“An eight-story International Style building with an open volume at its base facing Yonge and St. Mary Streets it is situated in a predominantly late 19th and early 20th century streetscape.  Paired with 696 Yonge Street, another International Style mid-century, eight-storey office building on the south side of St. Mary Street, it makes an important contribution to the character of the area.  10 St. Mary is historically linked to its surroundings as a representative of mid-twentieth century Yonge Street responding to the changing lifestyle and business needs as well as the burgeoning post-war economic expansion, the increased use of automobiles and the separation of work and home” the report stated.

The Toronto Preservation Board adopted the planning report on March 26, as did TEYCC on April 8. Toronto City Council in turn adopted the recommendation on May 6, and on June 2 the City Clerk posted an official public notice of Council’s intention to designate the property.


Property owner objects to heritage designation

Those decisions were made notwithstanding complaints by lawyers for Lifetime, who wrote to the City objecting to the intention to designate the property.

Indeed, in an April 7 letter to the City, law firm Sherman Brown Dryer Karol pointed out that Lifetime had purchased 10 St Mary after its thorough due diligence confirmed the building was not listed or designated as a heritage property. Moreover, Lifetime had met with City planning, urban design and heritage staff to discuss its plans to built a condo tower on the site, but had not been warned that 10 St Mary might be considered to have heritage value.

“The original design included a podium that replaced the original building with a new podium of a height that replicated the built form envelope of the existing building on site,” the lawyers wrote.

However, city planning staff told Lifetime that the podium height would have to be reduced “to comply with the City’s ‘new vision’ for the area, as established in their recent report on the North Downtown Yonge Urban Design Guidelines.  The recommendation to reduce the height of the podium to comply with the new 18 m [meter] requirement, by definition, requires the demolition of the existing building.  When the recommendation was made at our client’s pre-consultation meeting, not once did Heritage Staff raise a concern and/or suggest that the building had any heritage significance whatsoever,” the lawyers’ letter states.


Review board pre-hearing set for December

Under Ontario law, anyone objecting to the proposed heritage designation had until July 2 to file a formal objection with the City (30 days after the City published its notice of intent to designate). If objections are submitted, provincial law requires the City to refer the matter to a hearing before the Conservation Review Board, a provincial adjudicative tribunal.  According to a listing of active cases on the Conservation Review Board website, a pre-hearing conference on the 10 St Mary Street dispute will be held on December 18 of this year.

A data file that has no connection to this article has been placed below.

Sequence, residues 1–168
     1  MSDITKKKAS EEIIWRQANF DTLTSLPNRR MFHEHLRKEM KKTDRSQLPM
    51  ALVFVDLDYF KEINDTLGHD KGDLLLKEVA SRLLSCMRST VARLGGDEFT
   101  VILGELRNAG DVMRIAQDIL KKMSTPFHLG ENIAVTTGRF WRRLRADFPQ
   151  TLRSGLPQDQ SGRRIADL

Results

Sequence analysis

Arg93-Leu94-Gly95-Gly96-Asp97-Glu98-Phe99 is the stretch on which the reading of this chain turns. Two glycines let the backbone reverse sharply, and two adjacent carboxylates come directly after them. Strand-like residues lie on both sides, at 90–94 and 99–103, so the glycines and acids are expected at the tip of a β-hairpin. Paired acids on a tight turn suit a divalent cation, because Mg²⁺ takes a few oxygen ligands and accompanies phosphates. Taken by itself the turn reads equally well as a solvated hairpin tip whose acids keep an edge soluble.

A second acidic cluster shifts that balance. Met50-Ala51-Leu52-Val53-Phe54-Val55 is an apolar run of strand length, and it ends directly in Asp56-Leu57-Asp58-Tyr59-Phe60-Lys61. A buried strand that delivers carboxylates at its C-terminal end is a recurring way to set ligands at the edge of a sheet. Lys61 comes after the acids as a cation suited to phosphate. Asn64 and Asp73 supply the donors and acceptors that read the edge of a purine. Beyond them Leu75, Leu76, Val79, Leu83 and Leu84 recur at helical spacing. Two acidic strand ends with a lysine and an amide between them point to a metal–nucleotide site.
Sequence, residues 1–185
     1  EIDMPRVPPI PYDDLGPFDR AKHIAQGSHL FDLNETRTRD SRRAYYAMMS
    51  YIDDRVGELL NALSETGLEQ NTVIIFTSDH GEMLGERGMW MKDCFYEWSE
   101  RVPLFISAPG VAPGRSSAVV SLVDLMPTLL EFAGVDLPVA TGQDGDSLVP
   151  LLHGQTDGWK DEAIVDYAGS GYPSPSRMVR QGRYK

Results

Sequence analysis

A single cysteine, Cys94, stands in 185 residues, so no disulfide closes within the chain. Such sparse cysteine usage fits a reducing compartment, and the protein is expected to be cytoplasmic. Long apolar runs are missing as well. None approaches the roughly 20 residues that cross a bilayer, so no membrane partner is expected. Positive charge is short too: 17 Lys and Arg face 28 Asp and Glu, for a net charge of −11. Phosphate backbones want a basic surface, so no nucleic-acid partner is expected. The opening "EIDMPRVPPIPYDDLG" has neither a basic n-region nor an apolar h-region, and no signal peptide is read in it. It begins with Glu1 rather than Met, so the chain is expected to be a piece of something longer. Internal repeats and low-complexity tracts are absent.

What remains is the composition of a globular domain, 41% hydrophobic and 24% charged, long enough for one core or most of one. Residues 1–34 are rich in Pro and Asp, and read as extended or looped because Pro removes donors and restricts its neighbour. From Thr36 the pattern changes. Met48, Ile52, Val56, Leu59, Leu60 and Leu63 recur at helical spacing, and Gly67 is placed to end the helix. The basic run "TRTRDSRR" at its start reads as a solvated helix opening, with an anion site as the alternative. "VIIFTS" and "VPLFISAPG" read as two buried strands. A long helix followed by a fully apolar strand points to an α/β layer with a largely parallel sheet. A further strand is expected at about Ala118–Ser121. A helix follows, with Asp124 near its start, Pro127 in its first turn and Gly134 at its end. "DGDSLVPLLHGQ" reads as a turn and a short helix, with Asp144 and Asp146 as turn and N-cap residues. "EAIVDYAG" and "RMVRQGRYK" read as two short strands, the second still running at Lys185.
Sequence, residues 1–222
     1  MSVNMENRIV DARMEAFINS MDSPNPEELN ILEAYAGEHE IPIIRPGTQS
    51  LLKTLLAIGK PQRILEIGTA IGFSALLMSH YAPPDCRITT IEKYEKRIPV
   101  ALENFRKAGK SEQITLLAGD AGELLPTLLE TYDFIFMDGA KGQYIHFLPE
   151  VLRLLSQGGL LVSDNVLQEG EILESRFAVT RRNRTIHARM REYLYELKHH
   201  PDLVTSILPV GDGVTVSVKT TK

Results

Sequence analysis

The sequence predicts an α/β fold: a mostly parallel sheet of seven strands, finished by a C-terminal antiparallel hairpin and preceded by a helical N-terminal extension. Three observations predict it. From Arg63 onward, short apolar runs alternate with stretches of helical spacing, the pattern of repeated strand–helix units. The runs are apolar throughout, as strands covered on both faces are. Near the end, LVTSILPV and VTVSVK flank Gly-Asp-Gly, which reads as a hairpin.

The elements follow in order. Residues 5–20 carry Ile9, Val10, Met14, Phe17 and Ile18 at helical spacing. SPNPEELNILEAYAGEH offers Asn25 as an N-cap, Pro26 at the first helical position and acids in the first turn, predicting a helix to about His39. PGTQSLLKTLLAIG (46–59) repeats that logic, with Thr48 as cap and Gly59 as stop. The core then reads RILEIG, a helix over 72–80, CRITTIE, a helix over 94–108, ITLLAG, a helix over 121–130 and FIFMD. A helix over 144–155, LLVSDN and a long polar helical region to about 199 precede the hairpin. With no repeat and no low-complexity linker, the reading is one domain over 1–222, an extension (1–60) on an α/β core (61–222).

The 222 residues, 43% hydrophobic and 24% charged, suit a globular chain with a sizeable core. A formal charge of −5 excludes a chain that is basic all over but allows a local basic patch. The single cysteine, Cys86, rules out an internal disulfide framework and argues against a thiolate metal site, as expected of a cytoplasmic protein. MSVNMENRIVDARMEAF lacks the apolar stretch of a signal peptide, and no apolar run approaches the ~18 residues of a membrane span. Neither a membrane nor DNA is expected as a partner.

In the meantime, city planners will continue reviewing the condo tower development application, and TEYCC will likely ask them later this fall to schedule a community consultation meeting to obtain public input into the proposal.

Below are several more photos of 10 St Mary Street, all from October 19.


10 St Mary Street Toronto

10 St Mary viewed from the east side of Yonge Street. The building’s “open volume at ground level” — used as a patio for customers of the street-level fast food shops — is considered a heritage attribute.



10 St Mary Street Toronto

10 St Mary is situated just two blocks southeast of the Manulife Centre (top right), a 163-metere, 51-storey-tall apartment and commercial tower built in 1972. If approved, the condo proposed for 10 St Mary will rise nearly 141 meters.



10 St Mary Street Toronto

10 St Mary is just three short blocks south of the key Yonge & Bloor intersection in the tony Yorkville neighbourhood. Its proximity to Yorkville and the Yonge & Bloor subway lines will be one of the top selling features for the proposed condominium.



710 to 718 Yonge Street Toronto

Immediately to the north of 10 St Mary is this row of two-storey retail and commercial buildings at 710 to 718 Yonge Street. They are not part of the redevelopment proposal.



10 St Mary Street Toronto

Side view of 10 St Mary Street. A City planning report says that heritage attributes of the 57-year-old building include the “façade with its expressed concrete frame, infill panels with two-part glazed panels and 9″ Flemish bond buff-brick”



10 St Mary Street Toronto

10 St Mary viewed from the southwest corner of St Mary and St Nicholas Streets.  A City report says another heritage attribute of the building is “the reinforced concrete structural frame, the external wall columns, and external spandrel beams exposed on external wall faces.”



10 St Mary Street Toronto

 “The 8-storey scale, form and massing of the building” are other features that give the building heritage value, according to a City planning report.



10 St Mary Street Toronto

St Nicholas Street view of a loading dock and garage entrance on the west side of 10 St Mary.  This is where a service entrance and access to a parking garage elevator would be located in the 42-storey condo tower proposed for this site.



10 St Mary Street Toronto

Another view of the west side of 10 St Mary, along St Nicholas Street